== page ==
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Will This Generation See The End of Global Pandemics?

Nearing the conclusion of the First World War, both Western Europe and the United States were swept up once again in mass casualties. However, this time it was not mustard gas or trench warfare, but rather it was the spread of a highly virulent virus that quickly moved from epidemic to pandemic proportions. Known as the Spanish Influenza, this virus emerged from the prairies of the United States and quickly spread throughout the ravaged cities of war-torn Europe, causing catastrophic levels of death and human suffering. Much has changed in the subsequent century since the Spanish Influenza pandemic, most notably increased coordination between governments in regards to global health concerns and early warning systems of epidemics. And if current trends continue, the end of global pandemics may finally be a reality.

Primarily due to the growth of social media and greater governmental cooperation, local epidemics are being reported to World Health Organization officials at a much quicker rate, allowing for the deployment of huge networks of heath workers aimed at both containing and studying a disease prior to it mutating and becoming a pandemic. Innovative health care workers and research scientists are now utilizing the full potential of social media, and have managed to decrease the detection time of possible pandemics to 23 days, possibly ushering the end of global pandemics.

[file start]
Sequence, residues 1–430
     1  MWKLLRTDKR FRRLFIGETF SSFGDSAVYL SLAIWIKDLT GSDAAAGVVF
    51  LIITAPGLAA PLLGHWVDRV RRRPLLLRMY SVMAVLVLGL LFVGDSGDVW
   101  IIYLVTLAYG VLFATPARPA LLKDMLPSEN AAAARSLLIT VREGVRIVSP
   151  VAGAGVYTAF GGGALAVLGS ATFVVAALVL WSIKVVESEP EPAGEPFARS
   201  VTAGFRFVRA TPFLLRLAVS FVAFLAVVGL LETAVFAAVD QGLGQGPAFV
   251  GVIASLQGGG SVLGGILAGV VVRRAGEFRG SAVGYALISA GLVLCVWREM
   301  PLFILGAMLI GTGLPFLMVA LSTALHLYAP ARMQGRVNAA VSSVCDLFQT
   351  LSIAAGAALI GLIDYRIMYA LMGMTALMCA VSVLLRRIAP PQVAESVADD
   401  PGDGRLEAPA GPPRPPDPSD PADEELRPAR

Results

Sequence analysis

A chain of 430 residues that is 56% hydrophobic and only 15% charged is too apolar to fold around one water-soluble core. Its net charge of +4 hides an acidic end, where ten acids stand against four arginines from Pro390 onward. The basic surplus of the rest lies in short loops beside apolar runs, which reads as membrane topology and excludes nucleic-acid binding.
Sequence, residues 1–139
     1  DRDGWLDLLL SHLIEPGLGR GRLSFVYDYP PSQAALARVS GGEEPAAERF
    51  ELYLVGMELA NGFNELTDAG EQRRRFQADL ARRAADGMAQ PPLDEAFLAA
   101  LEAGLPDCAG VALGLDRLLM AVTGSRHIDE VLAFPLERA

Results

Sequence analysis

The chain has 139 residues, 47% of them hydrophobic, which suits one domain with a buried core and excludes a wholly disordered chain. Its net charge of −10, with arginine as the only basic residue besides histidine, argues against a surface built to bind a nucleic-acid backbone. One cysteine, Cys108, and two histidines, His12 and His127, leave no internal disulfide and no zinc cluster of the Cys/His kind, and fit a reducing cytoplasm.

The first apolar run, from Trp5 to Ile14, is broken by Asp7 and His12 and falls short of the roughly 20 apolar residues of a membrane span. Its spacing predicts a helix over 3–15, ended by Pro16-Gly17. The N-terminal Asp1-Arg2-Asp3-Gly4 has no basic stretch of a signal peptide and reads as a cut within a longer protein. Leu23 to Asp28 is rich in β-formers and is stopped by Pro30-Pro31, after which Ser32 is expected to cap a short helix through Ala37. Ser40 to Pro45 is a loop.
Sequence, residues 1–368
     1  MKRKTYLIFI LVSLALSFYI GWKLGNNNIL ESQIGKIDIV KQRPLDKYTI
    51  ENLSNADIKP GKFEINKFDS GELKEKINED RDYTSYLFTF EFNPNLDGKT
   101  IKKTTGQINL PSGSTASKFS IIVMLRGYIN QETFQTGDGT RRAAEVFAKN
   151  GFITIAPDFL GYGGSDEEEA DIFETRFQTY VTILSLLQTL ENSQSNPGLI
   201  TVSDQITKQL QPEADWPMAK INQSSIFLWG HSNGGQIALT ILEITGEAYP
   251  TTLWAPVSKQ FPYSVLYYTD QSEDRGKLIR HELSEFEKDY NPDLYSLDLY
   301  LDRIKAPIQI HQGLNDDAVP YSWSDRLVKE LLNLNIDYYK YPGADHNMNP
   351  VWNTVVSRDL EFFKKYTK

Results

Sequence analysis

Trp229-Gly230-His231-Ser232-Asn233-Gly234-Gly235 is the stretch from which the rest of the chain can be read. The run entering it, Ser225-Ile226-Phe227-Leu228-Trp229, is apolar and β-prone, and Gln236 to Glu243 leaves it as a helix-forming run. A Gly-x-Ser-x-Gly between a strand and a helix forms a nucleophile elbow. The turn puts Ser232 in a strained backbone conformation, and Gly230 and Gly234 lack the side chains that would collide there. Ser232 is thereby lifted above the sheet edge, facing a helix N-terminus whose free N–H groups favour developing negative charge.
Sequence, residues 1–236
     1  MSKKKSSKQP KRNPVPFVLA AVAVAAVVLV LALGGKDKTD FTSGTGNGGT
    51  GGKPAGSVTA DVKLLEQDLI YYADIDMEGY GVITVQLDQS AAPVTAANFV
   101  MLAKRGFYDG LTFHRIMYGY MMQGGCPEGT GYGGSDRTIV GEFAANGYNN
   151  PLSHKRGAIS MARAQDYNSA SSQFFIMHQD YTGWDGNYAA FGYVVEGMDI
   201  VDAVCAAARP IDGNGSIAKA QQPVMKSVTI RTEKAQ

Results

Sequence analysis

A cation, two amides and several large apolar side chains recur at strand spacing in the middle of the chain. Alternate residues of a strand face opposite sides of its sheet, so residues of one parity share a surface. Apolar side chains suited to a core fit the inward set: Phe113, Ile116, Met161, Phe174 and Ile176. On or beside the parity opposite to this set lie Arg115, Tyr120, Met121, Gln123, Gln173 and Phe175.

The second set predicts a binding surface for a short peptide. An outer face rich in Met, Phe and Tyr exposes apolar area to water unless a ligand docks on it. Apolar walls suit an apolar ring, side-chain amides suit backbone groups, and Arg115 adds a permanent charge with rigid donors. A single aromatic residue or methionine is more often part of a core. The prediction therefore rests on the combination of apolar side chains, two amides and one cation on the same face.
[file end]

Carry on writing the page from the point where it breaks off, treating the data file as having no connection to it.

In regards to the end of global pandemics, TEDMED speaker Dr. Larry Brilliant recounted the eighty countries that came together to end smallpox which lasted for more than two centuries. “Today, we are finding diseases faster than anyone ever imagined,” he comments. “Innovations in early detection, early response and global cooperation can put an end to pandemics.”

A future free of disease-causing viruses capable of inflicting huge losses of life are primarily due to the impressive scientific advances in global health and social media that have occurred over the last decade. Moreover, as early detection times continue to decrease, will this generation be the first one to see the end of global pandemics? If health scientists such as Dr. Brilliant continue to forge ahead with their efforts, it’s more than likely a possibility. Dr. Brilliant comments that “We are closer every day.”

Brian Turner
Source: CNN
Photo: Healthcave